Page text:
Peripheral Artery Disease

Peripheral artery disease (PAD) is a condition that approximately 8.5 million people live with.

PAD is a condition where the peripheral arteries in the body become narrowed. The peripheral arteries serve the stomach, head, legs and arms. PAD most often affects the leg’s arteries.

Atherosclerosis is the most common cause of PAD. This happens when plaques form in the artery walls. This results in the flow of blood through the affected arteries decreasing. Other possible causes of PAD that are less common include injury to the limbs, radiation exposure, blood vessel inflammation, and abnormal ligament or muscle anatomy.

There are also risk factors that can make someone’s chances of developing PAD higher. These include:

  • Diabetes
  • High blood pressure
  • Being older than age 50
  • High homocysteine levels in the body
  • Smoking
  • Obesity
  • High cholesterol
  • Family history of heart disease, PAD, or stroke


For many people, this condition does not cause any symptoms, especially in the early stages. When symptoms occur, claudication is possible. This issue is characterized by painful cramping in the thighs, lower legs, and hips when moving around. Other symptoms may include:
  • Leg weakness or numbness
  • Sores that are not healing on the legs, toes, or feet
  • Toenails grow slowly
  • Foot or lower leg is cold
  • Slowed hair growth on the legs or feet, or hair loss
  • Leg skin has a shiny appearance
  • Leg color changes
  • Feet or legs have a weakened or absent pulse
  • Men may experience erectile dysfunction
Some cases of PAD are caused by atherosclerosis, an issue where plaque accumulates in the blood vessels. When atherosclerosis is the cause, it’s possible that the patient could experience stroke, heart attack, or critical limb ischemia.


The doctor will usually start by doing an examination of the feet and legs to look for the visible symptoms of PAD. During this examination, the doctor will examine and listen to the arteries and pulse points to determine of there are any whooshing sounds. This is done with a stethoscope. Any leg or foot wounds can be examined to determine if healing is too slow. Blood testing might also be done to look at blood sugar and cholesterol levels. The doctor may perform an ankle-brachial index test. For this test, the doctor will check a patient’s blood pressure using their arm and their ankle. They will look to see the difference between both readings. Doppler ultrasound can be performed. This test will look at how blood is flowing through the blood vessels. It can help the doctor to see any narrowing or blockages. Angiography involves injecting a dye into the blood vessels. The dye makes it easier for the doctor to examine blood flow. Once the dye is injected, imaging is performed.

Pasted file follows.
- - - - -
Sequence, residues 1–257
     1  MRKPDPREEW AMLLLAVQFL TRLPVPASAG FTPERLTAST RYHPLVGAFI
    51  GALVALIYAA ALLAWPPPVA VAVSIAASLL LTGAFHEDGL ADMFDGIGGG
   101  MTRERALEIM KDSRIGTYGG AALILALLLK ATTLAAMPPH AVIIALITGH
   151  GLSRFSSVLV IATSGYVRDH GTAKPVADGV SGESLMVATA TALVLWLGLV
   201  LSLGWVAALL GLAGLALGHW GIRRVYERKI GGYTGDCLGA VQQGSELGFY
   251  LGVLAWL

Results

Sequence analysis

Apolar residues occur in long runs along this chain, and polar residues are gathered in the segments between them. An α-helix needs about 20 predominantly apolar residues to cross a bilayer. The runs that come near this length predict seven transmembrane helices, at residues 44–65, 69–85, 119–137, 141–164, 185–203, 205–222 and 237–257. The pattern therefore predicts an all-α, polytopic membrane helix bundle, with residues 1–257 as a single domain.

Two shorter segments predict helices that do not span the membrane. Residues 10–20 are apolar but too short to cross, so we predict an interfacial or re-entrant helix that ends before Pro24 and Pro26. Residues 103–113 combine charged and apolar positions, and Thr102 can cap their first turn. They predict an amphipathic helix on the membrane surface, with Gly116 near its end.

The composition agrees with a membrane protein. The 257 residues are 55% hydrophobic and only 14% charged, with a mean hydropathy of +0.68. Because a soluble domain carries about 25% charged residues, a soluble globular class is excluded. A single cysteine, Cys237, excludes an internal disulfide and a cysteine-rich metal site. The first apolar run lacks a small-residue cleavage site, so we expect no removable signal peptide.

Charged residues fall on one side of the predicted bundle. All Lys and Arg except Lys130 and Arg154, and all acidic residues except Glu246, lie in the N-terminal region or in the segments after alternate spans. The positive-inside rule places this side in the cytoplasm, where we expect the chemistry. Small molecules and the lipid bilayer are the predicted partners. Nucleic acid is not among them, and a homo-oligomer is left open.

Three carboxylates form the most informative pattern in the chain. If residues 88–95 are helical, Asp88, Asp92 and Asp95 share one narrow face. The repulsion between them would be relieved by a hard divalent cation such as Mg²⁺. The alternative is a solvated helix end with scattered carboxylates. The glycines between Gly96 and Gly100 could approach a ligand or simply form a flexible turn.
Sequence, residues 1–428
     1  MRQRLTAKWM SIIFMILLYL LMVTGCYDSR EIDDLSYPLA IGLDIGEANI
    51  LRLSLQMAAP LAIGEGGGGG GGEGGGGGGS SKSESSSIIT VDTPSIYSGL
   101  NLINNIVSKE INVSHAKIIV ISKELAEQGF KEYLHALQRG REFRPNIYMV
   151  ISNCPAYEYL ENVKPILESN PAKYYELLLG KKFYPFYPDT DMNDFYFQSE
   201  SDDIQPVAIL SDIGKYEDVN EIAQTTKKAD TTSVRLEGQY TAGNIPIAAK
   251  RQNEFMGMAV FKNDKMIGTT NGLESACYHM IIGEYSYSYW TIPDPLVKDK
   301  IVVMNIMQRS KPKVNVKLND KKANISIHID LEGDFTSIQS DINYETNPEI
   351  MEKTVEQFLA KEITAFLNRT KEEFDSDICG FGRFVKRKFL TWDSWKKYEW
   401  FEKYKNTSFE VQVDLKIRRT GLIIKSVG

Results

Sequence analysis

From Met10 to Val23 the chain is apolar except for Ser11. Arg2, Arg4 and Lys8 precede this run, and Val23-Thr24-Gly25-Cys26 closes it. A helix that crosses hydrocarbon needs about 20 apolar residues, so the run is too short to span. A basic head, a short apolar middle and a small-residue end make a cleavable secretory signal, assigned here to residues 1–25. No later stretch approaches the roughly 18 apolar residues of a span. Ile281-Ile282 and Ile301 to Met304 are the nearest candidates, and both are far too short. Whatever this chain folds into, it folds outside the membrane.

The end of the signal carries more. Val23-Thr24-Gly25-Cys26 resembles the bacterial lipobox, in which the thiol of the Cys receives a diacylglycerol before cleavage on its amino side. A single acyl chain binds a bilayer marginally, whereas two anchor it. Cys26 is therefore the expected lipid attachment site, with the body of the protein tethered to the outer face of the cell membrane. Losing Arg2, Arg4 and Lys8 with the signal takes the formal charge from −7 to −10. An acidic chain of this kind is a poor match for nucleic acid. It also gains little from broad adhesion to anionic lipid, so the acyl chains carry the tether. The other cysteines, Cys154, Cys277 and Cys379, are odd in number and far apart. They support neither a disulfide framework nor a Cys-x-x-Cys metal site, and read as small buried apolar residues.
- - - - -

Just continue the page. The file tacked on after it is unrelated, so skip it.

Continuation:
Treatment involves working to stop atherosclerosis progression and alleviate a person’s symptoms so that they can be active. There are certain medications that can be prescribed for PAD:
  • Medications to reduce blood pressure for people who have hypertension
  • Cholesterol-lowering drugs
  • Medications to reduce the risk of blood clots
  • Blood sugar control medications
  • Medication to increase how much blood flows to the extremities
There are certain surgical procedures that might be considered if medications and conservative treatments are not effective. These may include:
  • Bypass surgery helps to bypass the flow of blood around an area in a vessel that is blocked or significantly narrowed
  • Angioplasty can be done to help open up a vessel. A stent is often inserted after opening the vessel to help keep it open
  • Thrombolytic therapy involves injecting a drug that can dissolve blood clots into the artery to help break it up

There are ways to reduce the risk of developing PAD. These methods are relatively easy and involve living a healthy lifestyle. Prevention methods include:

  • Not smoking
  • Exercising for 30 to 45 minutes at least three days per week
  • Eating foods low in saturated fat
  • Controlling blood sugar (for patients with diabetes)
  • Achieving and maintaining healthy levels of blood pressure and cholesterol
  • Staying at a healthy weight

Left untreated, PAD puts people at risk for gangrene and the potential need for amputation. Those who suspect that they have this condition should not hesitate to make an appointment with their doctor. The diagnostic process is not extensive and there are viable treatments that can help people to live comfortably and reduce the risk of complications.

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